Senator Lisa Murkowski has won re-election in Alaska, NBC News reported Wednesday, handing former President Donald Trump another defeat in what has largely been a miserable midterm cycle for his hand-picked candidates in competitive races in the Senate.
Murkowski, one of seven Republicans to vote to convict Trump in his second impeachment trial, survived a challenge by Kelly Tshibaka, endorsed by Trump, a former commissioner of the Alaska Department of Administration.
“I am honored that Alaskans — of all regions, backgrounds, and political affiliations — have once again placed their trust in me to continue to work with them and on their behalf in the U.S. Senate,” Murkowski said. tweeted Wednesday evening. “I look forward to continuing the important work ahead of us.”
Murkowski’s re-election came in the state first Senate contest to be decided by a priority vote.
Rather than limiting voters to a single choice, the format allows candidates to be ranked in order of preference. Neither Murkowski nor Tshibaka, the two-vote top scorers in the first round of the Nov. 8 general election, had a majority after the top picks were tabulated, triggering ballots on Wednesday in which ballots listing the eliminated candidates were reallocated to the voter’s next choices.
Murkowski, Tshibaka, Democrat Patricia Chesbro and Republican Buzz Kelley all emerged from a nonpartisan primary in August. Kelley then dropped out and endorsed Tshibaka, but he remained on the ballot. Wednesday’s runoff began with second-choice votes from those who preferred the final Kelley spot to be dispersed among the three remaining candidates. Chesbro was eliminated next, and second-choice votes from its ballots helped push Murkowski over the threshold.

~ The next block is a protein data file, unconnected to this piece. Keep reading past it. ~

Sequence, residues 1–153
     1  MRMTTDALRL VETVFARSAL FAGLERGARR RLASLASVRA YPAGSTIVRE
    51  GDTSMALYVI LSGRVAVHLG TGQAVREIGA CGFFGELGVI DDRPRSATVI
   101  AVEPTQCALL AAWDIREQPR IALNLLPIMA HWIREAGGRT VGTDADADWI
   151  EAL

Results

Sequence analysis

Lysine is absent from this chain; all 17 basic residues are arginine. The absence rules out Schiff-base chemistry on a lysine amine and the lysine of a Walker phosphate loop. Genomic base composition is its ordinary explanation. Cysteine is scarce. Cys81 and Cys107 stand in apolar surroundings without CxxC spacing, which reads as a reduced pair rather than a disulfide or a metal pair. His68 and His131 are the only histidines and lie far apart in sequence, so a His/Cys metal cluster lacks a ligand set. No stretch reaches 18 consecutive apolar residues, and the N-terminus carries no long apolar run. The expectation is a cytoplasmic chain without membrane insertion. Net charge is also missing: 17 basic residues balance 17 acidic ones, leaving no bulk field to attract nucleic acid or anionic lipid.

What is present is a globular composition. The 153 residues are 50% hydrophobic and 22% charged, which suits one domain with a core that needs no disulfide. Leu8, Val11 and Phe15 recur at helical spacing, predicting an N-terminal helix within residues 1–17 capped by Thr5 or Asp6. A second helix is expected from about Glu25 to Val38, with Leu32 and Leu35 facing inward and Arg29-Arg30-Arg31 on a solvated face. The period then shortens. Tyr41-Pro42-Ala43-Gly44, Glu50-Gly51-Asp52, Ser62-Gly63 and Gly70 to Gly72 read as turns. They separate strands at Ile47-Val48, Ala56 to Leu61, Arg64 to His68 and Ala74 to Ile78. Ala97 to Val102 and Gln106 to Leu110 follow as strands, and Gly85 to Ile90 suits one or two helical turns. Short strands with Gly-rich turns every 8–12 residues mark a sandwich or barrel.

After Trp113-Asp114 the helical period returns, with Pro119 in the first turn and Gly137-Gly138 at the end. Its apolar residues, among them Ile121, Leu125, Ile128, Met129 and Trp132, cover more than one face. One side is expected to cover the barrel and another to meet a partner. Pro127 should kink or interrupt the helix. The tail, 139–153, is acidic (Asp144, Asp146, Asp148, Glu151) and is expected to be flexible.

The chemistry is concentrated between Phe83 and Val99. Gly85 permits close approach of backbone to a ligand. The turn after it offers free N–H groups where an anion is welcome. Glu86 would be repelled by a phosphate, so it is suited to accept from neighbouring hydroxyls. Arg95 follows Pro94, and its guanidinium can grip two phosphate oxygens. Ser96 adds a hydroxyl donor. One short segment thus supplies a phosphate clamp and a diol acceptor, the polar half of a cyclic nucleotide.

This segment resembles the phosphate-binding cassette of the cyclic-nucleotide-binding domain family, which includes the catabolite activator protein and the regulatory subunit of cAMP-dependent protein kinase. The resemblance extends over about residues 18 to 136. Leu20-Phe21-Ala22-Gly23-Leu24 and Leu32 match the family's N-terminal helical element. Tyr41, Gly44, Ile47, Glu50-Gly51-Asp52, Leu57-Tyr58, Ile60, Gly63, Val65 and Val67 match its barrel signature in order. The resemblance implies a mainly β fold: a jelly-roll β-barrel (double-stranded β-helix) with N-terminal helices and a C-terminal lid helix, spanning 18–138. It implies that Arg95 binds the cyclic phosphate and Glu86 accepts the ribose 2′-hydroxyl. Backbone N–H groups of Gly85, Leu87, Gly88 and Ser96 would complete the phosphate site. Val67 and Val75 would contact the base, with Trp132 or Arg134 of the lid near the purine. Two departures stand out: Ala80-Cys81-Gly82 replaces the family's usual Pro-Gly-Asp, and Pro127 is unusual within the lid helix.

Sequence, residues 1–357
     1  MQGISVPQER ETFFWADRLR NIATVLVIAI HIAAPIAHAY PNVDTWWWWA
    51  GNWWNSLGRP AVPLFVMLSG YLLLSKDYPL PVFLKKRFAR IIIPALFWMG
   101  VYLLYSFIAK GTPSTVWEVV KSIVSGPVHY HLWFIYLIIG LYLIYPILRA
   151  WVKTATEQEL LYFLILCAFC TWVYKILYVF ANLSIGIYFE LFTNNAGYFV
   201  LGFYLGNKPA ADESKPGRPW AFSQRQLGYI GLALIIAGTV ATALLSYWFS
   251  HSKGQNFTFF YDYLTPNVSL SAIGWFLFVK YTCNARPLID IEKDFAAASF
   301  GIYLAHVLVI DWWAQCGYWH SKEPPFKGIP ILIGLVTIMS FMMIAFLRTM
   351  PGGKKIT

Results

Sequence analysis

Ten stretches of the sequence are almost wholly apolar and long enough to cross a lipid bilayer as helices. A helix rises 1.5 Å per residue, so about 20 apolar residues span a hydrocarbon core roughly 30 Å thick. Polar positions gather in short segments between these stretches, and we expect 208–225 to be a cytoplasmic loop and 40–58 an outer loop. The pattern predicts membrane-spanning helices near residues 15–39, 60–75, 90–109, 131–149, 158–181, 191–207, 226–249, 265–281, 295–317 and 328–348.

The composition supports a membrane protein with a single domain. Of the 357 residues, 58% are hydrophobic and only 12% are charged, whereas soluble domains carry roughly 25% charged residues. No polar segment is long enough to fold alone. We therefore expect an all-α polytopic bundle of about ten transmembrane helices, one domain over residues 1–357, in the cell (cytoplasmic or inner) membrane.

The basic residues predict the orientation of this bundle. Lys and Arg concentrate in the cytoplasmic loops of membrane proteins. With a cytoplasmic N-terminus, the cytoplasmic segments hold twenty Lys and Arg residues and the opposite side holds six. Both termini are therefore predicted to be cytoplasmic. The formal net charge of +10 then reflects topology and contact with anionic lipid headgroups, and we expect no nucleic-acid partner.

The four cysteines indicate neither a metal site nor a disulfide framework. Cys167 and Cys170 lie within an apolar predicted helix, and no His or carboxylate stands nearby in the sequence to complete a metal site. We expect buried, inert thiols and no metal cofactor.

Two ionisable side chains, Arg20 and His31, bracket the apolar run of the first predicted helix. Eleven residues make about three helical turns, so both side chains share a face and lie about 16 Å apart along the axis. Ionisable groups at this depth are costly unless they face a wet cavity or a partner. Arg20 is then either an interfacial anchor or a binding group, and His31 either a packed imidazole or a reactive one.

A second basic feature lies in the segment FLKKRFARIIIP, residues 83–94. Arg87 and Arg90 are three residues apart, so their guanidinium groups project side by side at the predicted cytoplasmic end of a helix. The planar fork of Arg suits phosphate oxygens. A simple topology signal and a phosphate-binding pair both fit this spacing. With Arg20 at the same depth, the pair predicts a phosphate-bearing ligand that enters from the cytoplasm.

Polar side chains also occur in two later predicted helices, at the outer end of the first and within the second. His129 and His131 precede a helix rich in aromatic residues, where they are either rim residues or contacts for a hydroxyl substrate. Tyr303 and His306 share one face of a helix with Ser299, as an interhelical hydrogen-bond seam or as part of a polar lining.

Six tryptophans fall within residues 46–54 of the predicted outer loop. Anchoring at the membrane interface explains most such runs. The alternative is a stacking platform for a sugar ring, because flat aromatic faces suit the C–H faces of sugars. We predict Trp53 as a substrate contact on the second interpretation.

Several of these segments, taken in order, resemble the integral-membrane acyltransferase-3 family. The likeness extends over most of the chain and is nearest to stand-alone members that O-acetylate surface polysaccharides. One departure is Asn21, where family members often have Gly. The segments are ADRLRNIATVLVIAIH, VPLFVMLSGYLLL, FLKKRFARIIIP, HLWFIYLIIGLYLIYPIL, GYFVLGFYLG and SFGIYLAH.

From the outset, the race largely centered on the two leading Republicans and their relationship with Trump.
Tshibaka, for example, had made waves when she vowed not to back another Trump foil, Sen. Mitch McConnell, R-Ky., for another term as GOP leader in the Senate if elected.
Murkowski became a target for the right after emerging as a rare Republican public servant willing to criticize Trump and ultimately condemn him for what she believed was his incitement to the deadly insurrection at the U.S. Capitol on January 6, 2021. The Republican Party of Alaska censored it. and Trump started calling it the “Alaska disaster,” eventually backing Tshibaka to challenge it.
Murkowski is also known for her moderate profile in the Senate and her willingness to work with Democrats. She was one of only three Republicans to vote to confirm Supreme Court Justice Ketanji Brown Jackson in April. She also stood up to her party in other big votes under the Trump administration, voting with Democrats and a handful of other Republicans to block GOP attempts to repeal the Affordable Care Act. In a recent campaign ad summarizing his closing plea, Murkowski promised to “work with anyone, from either side, to advance Alaska’s priorities.”
Proponents of ranked voting, a system that gained national attention for its use in New York’s mayoral election last year, believe the setup benefits moderate candidates who don’t play with the fringe of either party and work the hardest to attract the widest group of people.
In the race for Alaska’s seat in the House of Representatives, incumbent Mary Peltola, a Democrat, was elected to a full two-year term, beating Republican Sarah Palin, the former governor and running mate. -presidency, according to NBC News.
Peltola had already made history in August, becoming the first Native Alaskan to serve in Congress after winning the special election to replace longtime GOP Rep. Don Young, who died in March at the age of 88 years old. Young and the GOP had controlled the seat for nearly five decades before his victory.
Zoe Richards contributed.